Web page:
Water has always been a central theme in my life (beyond the fact that it is about 60% of my body). I was born just off the coast of the Gulf of Mexico, where I spent the majority of my months as a toddler. Even before my birth, photos depicted my parents residing in a cloth tent on the sandy beaches.
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Before I stepped foot in a classroom, I lived in a beach shack on Tybee Island, Georgia, where I spent my childhood hours amidst the sand and the surf, venturing into the coastal Atlantic waters free of worries and life jackets. Instinct and wonder were my instructors long before a YMCA swim class.
From these beach adventures at the age of 4, until the age of 19, I did not stray from my marine biologist career path. If I could not spend my life perpetually swimming alongside orcas, dolphins, and the numerous other sea creatures that occupy the oceans’ depths, then I would study them.
Even when, at the age of 9, fate would transport me to the landlocked Midwest, I still found myself in a river town intensely connected to the water. Marietta sits nestled where the Muskingum joins the Ohio on its long journey to join the mighty Mississippi, eventually flowing back into the Gulf of Mexico, perhaps poetically circling back to the city of my birth.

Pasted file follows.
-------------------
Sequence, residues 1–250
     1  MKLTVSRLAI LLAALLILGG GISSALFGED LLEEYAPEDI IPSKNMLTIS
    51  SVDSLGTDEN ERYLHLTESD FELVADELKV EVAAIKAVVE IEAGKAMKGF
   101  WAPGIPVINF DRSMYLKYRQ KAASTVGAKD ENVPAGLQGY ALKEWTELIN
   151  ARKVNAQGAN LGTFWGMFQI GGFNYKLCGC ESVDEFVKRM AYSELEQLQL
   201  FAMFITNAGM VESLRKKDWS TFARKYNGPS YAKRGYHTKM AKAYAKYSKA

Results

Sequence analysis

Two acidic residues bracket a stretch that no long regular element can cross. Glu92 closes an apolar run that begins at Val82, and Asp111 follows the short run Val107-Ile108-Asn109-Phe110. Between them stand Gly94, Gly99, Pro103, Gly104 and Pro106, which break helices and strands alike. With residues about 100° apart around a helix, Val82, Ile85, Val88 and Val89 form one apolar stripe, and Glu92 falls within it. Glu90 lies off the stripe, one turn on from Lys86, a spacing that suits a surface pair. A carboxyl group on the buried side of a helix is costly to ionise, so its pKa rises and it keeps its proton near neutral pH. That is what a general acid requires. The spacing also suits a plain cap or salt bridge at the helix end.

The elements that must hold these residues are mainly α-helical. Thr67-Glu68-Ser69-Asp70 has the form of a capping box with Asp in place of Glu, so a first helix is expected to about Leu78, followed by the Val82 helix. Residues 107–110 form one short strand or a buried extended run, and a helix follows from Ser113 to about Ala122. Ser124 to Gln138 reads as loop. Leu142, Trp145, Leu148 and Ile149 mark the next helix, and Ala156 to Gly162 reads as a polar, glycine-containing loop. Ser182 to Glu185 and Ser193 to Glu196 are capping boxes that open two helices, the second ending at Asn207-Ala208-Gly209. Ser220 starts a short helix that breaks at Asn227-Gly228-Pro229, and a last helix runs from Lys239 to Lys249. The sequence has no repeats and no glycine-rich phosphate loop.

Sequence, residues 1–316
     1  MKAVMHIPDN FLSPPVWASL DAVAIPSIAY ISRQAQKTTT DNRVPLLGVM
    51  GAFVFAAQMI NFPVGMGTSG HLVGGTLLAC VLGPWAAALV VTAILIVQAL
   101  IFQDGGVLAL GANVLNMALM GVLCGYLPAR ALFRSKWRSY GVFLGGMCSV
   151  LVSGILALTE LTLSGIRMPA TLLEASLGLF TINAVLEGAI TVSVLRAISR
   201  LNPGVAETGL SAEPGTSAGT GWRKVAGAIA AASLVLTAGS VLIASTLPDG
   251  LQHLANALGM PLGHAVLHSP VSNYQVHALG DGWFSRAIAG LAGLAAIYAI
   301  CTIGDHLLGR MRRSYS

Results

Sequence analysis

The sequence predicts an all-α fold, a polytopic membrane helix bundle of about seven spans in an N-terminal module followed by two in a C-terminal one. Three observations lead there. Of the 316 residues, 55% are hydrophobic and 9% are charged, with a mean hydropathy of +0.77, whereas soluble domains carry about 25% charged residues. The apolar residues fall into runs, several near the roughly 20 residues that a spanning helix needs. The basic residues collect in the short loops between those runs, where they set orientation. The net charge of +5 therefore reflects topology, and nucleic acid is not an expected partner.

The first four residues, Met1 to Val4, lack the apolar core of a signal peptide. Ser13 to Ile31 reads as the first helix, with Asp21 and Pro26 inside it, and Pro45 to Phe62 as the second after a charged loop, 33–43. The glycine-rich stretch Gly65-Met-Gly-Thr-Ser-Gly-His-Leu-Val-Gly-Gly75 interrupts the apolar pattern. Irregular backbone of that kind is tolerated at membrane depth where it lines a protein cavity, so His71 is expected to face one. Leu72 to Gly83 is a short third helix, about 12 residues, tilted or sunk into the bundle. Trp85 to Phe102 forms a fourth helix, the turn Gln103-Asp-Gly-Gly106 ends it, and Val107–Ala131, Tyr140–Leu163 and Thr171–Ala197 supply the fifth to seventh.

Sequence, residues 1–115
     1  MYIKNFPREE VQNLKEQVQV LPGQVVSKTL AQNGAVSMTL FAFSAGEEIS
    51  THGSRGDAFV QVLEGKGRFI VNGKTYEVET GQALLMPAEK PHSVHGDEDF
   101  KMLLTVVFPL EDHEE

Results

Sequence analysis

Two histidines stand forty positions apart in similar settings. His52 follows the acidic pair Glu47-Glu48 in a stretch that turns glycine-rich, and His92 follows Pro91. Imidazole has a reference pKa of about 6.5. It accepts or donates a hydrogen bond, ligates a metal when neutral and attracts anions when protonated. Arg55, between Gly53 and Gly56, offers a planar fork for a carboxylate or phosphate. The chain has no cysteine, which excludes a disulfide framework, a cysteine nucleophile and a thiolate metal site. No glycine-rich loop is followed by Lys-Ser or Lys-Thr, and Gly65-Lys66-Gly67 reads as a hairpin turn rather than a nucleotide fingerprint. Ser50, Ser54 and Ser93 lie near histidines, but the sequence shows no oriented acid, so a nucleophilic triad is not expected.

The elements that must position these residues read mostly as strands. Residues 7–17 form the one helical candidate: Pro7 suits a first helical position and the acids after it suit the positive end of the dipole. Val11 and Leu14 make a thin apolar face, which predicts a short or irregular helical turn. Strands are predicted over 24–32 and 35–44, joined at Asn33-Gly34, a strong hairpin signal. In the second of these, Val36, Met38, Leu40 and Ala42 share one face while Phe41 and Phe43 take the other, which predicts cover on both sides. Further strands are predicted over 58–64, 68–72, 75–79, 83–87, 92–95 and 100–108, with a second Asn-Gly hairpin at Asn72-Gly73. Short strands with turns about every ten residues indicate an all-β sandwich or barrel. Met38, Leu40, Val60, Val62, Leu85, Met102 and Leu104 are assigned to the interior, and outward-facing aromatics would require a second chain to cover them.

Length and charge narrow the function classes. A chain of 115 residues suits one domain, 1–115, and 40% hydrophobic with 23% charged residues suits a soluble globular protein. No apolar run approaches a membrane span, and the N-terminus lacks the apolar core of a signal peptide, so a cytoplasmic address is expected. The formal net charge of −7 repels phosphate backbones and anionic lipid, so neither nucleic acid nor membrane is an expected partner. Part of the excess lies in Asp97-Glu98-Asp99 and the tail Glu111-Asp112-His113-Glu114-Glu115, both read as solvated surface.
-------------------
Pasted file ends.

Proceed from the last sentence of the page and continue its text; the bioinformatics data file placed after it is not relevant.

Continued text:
Even now, my move deeper into the Midwest, and away from a career in marine biology, still places me just off the Great Lake of Michigan. Its thus fitting that one of my earlier pieces depicts that vital connection to water. Based on a photograph I took of one of the many vessels docked on the Muskingum, this piece is still one of my best ventures into representational work.
Featuring my loose attachment to form and precision, inspired by the impressionists, and incorporating my undefined almost whimsical facture that has remained an important aspect of both my abstract and concrete works, this painting serves as a substantial step in my development as an artist.
It was displayed in the aptly named Riverside Art Gallery shortly after its completion during my senior year of high school, and remains in my personal collection